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A recent state directed health measure that allows school employees to continue working if they’ve been exposed to COVID-19 won’t be used in Norfolk Public Schools, except for special circumstances. 

Usually the district can’t maintain all of the new guideline requirements, which protect exposed employees’ safety, said Jami Jo Thompson, superintendent.

The guideline that went into effect earlier this month allows teachers and other school personnel to continue to work rather than self-quarantine if they’ve been exposed to COVID-19, as long as they follow strict requirements and don’t develop symptoms.

To stay at the school, those employees have to wear a face mask for 14 days after the exposure, practice social distancing and self-monitor for symptoms twice a day for 14 days.

“The (DHM) change was intended to help schools stay open by keeping our staff at work,” Thompson said. “That definitely could help us with our substitute shortage, but we are moving forward very cautiously because we want to make sure that we maintain the health and safety of all of our students and staff.”

When NPS passed its fall operation plan, administrators noted that 100% social distancing is impossible in school buildings. Because of this, the district will be sticking with its same policy of requiring exposed employees to quarantine for 14 days, Thompson said.

The only new exception to the current policy is if an exposed staff member can submit a written plan to the district ensuring they can accomplish all three DHM requirements. Although Thompson doesn’t anticipate this happening often, there are some positions that are more isolated, she said.

Matthew Blomstedt, Nebraska Department of Education commissioner, explained the reasoning behind the new DHM in a recent press conference hosted by Gov. Pete Ricketts.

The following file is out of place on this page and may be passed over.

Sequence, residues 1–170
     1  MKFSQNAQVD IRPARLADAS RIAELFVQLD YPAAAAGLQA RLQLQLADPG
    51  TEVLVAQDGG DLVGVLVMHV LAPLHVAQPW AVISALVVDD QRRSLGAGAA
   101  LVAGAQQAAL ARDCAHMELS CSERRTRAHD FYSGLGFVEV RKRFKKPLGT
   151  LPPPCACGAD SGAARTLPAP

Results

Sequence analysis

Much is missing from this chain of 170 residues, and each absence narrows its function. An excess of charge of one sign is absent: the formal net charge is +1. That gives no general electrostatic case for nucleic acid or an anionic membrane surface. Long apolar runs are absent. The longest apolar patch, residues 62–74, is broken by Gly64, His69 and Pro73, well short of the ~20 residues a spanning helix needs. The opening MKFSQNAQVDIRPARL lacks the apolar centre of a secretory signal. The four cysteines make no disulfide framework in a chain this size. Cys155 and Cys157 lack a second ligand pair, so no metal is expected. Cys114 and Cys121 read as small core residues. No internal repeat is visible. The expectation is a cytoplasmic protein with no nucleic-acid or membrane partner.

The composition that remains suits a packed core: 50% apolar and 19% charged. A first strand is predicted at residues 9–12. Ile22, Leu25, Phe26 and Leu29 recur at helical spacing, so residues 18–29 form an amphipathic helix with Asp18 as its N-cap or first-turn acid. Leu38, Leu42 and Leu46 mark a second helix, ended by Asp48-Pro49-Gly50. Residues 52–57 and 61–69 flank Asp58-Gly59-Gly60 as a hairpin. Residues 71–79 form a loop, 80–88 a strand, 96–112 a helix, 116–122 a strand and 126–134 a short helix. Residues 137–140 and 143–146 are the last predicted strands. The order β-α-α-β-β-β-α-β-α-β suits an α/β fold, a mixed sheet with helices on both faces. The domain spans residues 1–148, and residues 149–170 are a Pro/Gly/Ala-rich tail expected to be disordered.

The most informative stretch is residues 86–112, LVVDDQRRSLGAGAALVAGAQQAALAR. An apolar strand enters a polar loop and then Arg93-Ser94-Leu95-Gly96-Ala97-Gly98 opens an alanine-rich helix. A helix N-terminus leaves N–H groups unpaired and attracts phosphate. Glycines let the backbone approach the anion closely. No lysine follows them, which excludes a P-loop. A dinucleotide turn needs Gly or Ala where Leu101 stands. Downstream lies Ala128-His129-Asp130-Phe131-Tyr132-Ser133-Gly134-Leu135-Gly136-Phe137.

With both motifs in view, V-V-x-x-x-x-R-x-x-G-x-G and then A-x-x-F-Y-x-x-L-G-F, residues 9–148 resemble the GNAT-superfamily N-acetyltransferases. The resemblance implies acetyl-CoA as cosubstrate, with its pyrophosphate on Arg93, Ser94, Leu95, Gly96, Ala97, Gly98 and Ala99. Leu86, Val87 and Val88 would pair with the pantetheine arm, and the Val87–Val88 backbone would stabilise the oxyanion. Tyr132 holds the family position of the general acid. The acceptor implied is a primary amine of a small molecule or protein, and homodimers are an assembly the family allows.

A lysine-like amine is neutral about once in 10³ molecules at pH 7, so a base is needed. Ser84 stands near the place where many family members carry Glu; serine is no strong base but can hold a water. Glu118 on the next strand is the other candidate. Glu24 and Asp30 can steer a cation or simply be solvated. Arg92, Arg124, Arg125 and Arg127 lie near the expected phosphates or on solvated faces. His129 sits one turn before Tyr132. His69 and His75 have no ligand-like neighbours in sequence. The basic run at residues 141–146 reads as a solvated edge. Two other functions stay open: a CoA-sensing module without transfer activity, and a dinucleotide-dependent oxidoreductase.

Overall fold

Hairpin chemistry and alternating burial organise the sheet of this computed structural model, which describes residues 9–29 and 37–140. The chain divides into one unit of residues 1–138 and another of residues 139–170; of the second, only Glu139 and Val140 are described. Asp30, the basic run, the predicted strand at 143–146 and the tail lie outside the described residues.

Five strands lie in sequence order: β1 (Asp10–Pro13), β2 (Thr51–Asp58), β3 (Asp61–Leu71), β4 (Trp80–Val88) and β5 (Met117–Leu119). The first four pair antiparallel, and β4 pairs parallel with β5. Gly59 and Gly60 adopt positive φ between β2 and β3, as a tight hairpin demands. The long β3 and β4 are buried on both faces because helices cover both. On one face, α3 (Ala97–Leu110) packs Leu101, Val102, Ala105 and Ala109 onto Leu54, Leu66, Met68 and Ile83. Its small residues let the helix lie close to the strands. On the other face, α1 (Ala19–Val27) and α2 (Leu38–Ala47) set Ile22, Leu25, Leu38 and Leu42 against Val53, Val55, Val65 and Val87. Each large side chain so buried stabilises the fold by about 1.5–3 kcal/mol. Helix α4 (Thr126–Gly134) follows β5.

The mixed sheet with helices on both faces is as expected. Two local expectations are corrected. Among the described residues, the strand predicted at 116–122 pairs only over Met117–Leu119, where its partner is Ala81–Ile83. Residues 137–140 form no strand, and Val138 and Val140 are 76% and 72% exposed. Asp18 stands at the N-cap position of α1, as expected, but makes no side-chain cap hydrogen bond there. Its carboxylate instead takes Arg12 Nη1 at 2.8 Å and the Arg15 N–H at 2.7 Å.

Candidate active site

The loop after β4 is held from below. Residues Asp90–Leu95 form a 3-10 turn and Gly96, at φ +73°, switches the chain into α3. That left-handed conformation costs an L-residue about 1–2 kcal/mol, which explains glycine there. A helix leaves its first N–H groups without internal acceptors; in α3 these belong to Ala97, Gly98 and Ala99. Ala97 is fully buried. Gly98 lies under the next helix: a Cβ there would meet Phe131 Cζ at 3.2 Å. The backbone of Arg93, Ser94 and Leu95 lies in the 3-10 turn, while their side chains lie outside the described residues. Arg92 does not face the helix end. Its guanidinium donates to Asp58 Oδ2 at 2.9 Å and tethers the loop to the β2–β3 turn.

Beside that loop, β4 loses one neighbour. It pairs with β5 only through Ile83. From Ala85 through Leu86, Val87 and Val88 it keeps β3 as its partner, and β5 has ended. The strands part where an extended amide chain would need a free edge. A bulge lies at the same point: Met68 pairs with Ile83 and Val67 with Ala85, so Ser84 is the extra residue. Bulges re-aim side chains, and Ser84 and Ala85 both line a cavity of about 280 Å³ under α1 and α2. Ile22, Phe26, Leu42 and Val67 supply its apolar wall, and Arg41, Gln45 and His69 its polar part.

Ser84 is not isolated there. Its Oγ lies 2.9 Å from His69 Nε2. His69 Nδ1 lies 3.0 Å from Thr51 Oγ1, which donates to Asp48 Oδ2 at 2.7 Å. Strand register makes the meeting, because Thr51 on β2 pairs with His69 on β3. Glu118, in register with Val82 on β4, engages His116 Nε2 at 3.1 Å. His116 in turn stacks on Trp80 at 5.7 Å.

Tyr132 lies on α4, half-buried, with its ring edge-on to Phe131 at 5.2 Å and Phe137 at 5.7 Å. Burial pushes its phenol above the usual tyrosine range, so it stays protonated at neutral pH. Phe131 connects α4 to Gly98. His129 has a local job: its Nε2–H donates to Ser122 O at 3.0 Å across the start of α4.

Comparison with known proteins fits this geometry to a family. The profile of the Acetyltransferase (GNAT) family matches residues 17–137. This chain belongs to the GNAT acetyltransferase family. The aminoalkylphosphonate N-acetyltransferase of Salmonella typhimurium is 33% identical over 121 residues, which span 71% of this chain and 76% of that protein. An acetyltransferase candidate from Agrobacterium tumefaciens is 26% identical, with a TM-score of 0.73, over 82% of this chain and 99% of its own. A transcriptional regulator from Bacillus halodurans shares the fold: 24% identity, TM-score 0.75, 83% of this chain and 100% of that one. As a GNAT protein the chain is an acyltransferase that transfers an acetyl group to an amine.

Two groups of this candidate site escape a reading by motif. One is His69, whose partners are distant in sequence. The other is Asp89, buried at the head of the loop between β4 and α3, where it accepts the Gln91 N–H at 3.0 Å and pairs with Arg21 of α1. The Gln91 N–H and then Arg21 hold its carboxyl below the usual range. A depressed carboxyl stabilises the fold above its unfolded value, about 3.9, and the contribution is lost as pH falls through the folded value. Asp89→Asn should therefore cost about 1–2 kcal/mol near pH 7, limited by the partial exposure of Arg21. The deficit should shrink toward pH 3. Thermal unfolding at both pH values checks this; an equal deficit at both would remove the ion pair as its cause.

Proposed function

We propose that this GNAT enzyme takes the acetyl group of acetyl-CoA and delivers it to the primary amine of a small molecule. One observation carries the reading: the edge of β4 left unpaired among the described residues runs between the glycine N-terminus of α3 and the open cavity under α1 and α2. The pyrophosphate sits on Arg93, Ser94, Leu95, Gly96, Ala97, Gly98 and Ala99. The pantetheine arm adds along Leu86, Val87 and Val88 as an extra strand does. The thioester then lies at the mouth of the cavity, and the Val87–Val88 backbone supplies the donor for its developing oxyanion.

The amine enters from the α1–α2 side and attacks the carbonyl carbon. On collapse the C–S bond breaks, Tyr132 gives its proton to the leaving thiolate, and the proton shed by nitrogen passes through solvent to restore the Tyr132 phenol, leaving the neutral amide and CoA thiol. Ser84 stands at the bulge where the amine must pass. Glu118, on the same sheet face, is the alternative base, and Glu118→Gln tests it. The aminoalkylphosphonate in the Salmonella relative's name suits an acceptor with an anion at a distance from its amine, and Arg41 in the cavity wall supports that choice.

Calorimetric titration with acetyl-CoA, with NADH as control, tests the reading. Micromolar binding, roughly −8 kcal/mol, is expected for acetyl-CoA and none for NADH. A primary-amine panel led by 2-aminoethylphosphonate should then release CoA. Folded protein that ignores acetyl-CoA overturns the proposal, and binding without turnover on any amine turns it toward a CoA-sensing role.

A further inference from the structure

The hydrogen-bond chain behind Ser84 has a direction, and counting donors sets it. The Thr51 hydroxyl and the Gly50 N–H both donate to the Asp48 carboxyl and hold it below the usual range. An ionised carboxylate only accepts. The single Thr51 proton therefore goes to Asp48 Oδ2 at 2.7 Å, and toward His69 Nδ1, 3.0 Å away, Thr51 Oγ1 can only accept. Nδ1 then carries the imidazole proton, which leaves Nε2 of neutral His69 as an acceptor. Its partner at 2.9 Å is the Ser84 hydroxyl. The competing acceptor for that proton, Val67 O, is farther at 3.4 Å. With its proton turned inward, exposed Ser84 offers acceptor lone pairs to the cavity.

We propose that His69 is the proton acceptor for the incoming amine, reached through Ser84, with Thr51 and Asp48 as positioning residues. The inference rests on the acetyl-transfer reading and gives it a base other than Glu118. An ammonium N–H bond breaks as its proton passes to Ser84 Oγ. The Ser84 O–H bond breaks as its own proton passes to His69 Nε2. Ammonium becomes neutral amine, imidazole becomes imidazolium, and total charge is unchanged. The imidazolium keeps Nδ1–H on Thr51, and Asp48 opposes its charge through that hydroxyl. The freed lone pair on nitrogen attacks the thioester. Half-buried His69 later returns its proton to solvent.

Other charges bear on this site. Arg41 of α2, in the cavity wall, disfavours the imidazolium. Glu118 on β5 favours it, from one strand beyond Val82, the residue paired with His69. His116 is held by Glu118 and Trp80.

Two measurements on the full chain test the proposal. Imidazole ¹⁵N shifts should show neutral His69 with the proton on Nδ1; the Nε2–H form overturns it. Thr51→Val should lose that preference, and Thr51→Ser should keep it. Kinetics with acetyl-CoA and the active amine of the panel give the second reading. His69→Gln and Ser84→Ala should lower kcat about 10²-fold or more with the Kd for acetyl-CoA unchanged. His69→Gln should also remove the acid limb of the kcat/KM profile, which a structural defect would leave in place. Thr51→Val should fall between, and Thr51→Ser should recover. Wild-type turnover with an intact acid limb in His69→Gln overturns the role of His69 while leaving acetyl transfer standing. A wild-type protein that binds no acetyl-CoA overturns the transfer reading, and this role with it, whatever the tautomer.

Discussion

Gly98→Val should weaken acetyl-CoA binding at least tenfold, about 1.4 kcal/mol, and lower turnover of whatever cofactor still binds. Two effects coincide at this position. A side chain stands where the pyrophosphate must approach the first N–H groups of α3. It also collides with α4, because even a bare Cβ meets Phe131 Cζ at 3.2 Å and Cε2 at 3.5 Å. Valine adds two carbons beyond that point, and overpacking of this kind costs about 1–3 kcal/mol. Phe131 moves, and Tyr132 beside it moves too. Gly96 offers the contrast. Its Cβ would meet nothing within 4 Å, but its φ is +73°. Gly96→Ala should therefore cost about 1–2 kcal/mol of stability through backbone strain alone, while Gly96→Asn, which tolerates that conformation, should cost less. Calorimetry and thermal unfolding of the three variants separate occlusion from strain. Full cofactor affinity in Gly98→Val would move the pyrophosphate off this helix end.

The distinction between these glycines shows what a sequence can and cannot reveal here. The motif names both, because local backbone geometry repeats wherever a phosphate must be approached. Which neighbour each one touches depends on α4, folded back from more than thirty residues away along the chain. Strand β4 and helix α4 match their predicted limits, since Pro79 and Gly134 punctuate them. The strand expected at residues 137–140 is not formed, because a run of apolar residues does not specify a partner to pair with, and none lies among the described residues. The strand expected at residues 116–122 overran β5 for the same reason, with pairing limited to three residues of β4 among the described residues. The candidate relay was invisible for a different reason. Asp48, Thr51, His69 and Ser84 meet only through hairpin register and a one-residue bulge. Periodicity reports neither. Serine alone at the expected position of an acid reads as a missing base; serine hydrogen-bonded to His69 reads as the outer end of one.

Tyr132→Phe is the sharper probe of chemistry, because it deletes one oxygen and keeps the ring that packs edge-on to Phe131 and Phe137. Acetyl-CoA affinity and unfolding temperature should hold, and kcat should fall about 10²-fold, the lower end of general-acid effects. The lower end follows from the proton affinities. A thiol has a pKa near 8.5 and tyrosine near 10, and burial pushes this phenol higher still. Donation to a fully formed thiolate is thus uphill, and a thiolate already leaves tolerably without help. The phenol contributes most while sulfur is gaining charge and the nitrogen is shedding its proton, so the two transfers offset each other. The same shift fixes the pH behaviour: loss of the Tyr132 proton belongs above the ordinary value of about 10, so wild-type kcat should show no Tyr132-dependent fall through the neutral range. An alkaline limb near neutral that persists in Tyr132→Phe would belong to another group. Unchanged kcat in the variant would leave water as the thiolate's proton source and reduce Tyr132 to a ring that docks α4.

“The current restrictions around quarantine are putting some schools in a situation where they may have a harder time to maintain their teacher workforce or other workforce,” Blomstedt said. “We’re really trying to balance that.”

The pandemic has strained district staffing, especially with substitute employees, Thompson said.

NPS has been experiencing a substitute shortage for several years, but it’s become more severe with COVID-19, as many have said they can’t work until after the pandemic, Thompson said. The district still has several unfilled substitute positions.

Quarantined teachers can’t work from home, Thompson said.

If teachers are absent, their classes can be covered by another teacher during plan periods. NPS also is looking at using specials teachers to instruct core classes or utilizing district employees.

If the district doesn’t have enough staff members, it will be forced to transition to either its COVID-19 hybrid instruction or remote learning scenarios, Thompson said.

“We know we will have to be very flexible this year and very creative in trying to find ways to meet our staffing needs,” Thompson said. “So we’re trying to look at every option available to us because we want to keep our schools open if we’re able to, but we also want to make sure we can do that safely.”

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